Josh Gondelman Is The Nicest Guy In Comedy

Josh Gondelman's new book is "Nice Try: Stories of Best Intentions and Mixed Results." (Mindy Tucker/via JTA)

(JTA) — Comedian Josh Gondelman wants you to know up front: He’s a nice Jewish guy.

“I’m Jewish. I was bar mitzvahed, and I enjoy the ritualized eating of carbohydrates. But more than that, I was raised nice,” he writes in the opening meditation on “nice guys” in his new book, “Nice Try: Stories of Best Intentions and Mixed Results,” which comes out Tuesday.

In that way, Gondelman, 34 — who won three Emmys for his work on “Last Week Tonight with John Oliver,” and currently works as a writer and producer for the Showtime series “Desus & Mero” — is a bit of an outlier in the modern world of comedy, which often values mocking and R-rated themes.

Why open with talking about being a nice guy?

“It sets the tone for the overall arc that’s going to happen,” Gondelman told the Jewish Telegraphic Agency. “There is a strong element of Judaism, which is obviously important to me, but the book really focuses on niceness versus goodness.”

It’s a deeply enjoyable arc: The essays cover everything from Jewish summer camp to working as a preschool teacher to romantic failures, and they are laugh-out-loud funny. Which makes sense — in addition to working on those shows, he has also had a successful stand-up career and back in 2012 started the popular Modern Seinfeld Twitter account, which won hundreds of thousands of fans by imagining what contemporary episodes of “Seinfeld” would involve.

Gondelman spoke with JTA about the concept of “niceness,” his favorite Jewish holidays, discovering the Wu-Tang Clan at Jewish sleepaway camp and his evolving thoughts on Twitter.

JTA: How do you distinguish between niceness and goodness?

Gondelman: Niceness is pleasantness and politeness and the kind of surface-level things you do to get by, which are important. And then goodness is kindness and righteousness, and sometimes it’s the same as niceness, and sometimes it’s in conflict.

I really resonated with your chapter about trying to apologize less. 

Oh, yeah.

It is something that I find so challenging. You write about how your favorite part of Judaism is that time between Rosh Hashanah and Yom Kippur, and how you used to write a mass apology email. What was in those emails? And why did you stop sending them?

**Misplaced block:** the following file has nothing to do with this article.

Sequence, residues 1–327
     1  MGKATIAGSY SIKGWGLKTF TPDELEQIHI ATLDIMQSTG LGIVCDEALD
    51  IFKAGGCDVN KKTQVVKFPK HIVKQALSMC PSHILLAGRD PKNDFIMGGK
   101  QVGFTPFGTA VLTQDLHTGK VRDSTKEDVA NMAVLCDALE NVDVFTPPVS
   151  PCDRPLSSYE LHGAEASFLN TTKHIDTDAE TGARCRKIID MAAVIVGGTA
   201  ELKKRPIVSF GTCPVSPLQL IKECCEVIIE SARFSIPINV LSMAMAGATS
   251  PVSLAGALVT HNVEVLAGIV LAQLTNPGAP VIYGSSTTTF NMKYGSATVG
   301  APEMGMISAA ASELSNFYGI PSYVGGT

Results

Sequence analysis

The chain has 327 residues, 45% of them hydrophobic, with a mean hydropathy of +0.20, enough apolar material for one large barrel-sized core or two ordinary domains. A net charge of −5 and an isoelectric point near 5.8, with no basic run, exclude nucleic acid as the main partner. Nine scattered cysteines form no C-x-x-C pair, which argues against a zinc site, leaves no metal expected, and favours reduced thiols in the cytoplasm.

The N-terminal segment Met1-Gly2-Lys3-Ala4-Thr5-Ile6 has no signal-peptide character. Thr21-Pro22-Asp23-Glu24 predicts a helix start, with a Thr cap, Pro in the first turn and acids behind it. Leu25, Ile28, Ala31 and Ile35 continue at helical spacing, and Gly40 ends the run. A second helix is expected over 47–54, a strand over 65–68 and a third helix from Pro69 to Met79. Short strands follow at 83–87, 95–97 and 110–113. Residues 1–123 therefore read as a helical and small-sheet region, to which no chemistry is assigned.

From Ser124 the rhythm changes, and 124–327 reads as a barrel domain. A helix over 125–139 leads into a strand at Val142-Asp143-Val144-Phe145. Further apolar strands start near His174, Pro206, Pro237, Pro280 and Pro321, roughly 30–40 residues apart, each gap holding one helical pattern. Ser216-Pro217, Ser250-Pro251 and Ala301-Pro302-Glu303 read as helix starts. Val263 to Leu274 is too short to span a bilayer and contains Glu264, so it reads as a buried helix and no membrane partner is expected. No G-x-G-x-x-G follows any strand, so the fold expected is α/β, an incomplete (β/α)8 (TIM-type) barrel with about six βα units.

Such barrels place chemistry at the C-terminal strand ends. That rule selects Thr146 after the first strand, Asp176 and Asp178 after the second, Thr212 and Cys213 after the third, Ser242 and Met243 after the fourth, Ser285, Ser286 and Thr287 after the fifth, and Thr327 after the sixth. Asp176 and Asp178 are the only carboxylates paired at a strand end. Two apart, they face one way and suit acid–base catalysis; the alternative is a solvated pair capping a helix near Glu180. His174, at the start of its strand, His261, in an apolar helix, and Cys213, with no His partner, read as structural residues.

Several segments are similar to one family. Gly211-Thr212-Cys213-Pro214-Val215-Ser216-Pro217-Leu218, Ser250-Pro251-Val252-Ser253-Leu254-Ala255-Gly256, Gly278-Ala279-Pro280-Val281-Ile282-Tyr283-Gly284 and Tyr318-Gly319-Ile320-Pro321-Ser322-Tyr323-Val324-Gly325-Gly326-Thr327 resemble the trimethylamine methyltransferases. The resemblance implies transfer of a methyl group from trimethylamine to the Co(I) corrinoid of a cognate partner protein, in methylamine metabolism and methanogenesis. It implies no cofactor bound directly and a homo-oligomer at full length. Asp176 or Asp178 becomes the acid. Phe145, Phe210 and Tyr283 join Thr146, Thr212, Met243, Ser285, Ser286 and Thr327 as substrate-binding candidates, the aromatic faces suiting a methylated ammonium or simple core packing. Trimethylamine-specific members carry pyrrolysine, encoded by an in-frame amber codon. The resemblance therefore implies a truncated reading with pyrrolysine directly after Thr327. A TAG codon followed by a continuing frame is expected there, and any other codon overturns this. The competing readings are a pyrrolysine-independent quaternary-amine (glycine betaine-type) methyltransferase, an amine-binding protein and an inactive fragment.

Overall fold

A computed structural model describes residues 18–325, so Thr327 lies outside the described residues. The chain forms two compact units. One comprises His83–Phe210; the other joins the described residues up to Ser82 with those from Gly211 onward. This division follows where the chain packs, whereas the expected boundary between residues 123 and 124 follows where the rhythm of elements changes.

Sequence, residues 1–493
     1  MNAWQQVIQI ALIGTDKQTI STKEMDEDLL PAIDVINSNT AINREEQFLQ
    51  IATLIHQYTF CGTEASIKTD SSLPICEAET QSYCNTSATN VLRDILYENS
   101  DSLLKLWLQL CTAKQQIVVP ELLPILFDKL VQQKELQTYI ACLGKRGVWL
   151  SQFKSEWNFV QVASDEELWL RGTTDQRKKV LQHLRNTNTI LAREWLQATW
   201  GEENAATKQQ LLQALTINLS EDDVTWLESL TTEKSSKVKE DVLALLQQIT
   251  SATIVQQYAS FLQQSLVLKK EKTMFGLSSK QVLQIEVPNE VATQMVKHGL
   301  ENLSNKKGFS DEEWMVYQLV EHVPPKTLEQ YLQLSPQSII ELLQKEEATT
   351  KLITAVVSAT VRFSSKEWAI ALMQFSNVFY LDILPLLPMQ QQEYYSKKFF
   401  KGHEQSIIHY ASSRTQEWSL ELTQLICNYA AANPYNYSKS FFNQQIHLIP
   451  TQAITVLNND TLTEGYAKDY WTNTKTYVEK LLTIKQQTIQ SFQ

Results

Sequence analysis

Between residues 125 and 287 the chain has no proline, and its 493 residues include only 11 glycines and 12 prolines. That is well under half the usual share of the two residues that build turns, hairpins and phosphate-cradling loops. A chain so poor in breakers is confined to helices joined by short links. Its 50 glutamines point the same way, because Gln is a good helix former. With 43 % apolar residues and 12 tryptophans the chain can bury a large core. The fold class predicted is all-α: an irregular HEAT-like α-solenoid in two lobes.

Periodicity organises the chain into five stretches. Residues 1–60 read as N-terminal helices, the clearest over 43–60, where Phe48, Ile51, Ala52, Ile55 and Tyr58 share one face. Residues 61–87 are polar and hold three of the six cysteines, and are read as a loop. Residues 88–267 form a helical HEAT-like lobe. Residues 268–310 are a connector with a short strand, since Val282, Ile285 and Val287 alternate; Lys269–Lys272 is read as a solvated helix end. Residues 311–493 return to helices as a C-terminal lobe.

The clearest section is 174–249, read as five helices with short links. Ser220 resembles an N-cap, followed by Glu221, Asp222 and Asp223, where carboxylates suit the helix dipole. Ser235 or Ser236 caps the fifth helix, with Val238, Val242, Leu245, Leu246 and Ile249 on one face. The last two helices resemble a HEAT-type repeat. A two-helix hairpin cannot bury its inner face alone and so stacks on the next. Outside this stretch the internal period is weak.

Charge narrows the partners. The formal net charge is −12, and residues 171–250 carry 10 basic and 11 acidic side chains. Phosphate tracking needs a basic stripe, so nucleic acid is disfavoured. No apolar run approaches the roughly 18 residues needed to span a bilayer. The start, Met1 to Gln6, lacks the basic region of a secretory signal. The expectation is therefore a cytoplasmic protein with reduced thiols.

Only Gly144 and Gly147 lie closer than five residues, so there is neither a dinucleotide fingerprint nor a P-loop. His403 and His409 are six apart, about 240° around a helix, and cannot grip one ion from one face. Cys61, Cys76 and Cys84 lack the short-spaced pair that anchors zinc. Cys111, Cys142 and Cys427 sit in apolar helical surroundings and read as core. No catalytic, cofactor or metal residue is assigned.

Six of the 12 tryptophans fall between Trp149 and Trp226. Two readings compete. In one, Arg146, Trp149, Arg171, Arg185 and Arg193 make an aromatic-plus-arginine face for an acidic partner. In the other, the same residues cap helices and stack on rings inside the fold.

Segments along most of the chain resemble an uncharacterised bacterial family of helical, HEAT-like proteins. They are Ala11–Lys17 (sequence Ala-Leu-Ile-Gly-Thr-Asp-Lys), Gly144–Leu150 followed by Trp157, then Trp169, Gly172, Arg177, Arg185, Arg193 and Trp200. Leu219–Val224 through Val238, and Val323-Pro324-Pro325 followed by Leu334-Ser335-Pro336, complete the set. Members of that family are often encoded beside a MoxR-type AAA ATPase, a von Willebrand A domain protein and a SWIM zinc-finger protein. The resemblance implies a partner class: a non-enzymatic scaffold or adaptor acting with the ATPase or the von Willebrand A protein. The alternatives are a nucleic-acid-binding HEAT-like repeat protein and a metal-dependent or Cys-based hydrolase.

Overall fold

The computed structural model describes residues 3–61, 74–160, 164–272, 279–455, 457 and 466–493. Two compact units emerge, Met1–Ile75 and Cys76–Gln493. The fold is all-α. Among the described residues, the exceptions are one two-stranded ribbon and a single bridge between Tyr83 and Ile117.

It was a recurring thing that I did. I would try to be very sincere [and] email a lot of people in my life. It was a vast mass email. I would give a little primer on Yom Kippur, and then say, so in that spirit, if I have done anything that was hurtful to you that I didn’t realize, I want to say that I’m sorry and I would love to restore whatever was breached. It’s different than [writing], “I’m sorry if you were offended” because there’s a value to being like, “Hey, if I did something that I didn’t realize, like please let me know. This is the time where I would like to clean the slate.” It’s nice to have a moment [where] it’s easy to explain why am I hitting the reset button today. It’s a nice excuse, as opposed to just doing it on like a random Sunday afternoon. I don’t know, people might go ‘why is this? What is this?’

Yeah, it gives it context.

It does. It gives it a context, which is a really beautiful thing about Judaism. There’s moments that are like structures for being a good person. [It’s] the kind of thing that I appreciate most about any kind of religion: These opportunities to go and do better and be reminded of the best ways to behave and treat people.

One of my favorite parts of “Nice Try” was when you wrote about your time at sleepaway camp. You talk about discovering rap music. I love how you connect studying for bar mitzvahs and learning rap music with “learning and parsing dense, opaque lyrics,” but “only one felt like it prepared you for adulthood.” How formative were those years for you?

Some of my best friends are the guys that I went to camp with those years. We’re still in super close touch. I have a couple of close friends from high school and college, but numerically a disproportionate amount of the people that I still consider really close to my heart were the guys [from camp].

That brings me to my next question: You write a lot about the impact of the Beastie Boys on you. Why do you think the Beastie Boys were so important to you and to young Jews more generally?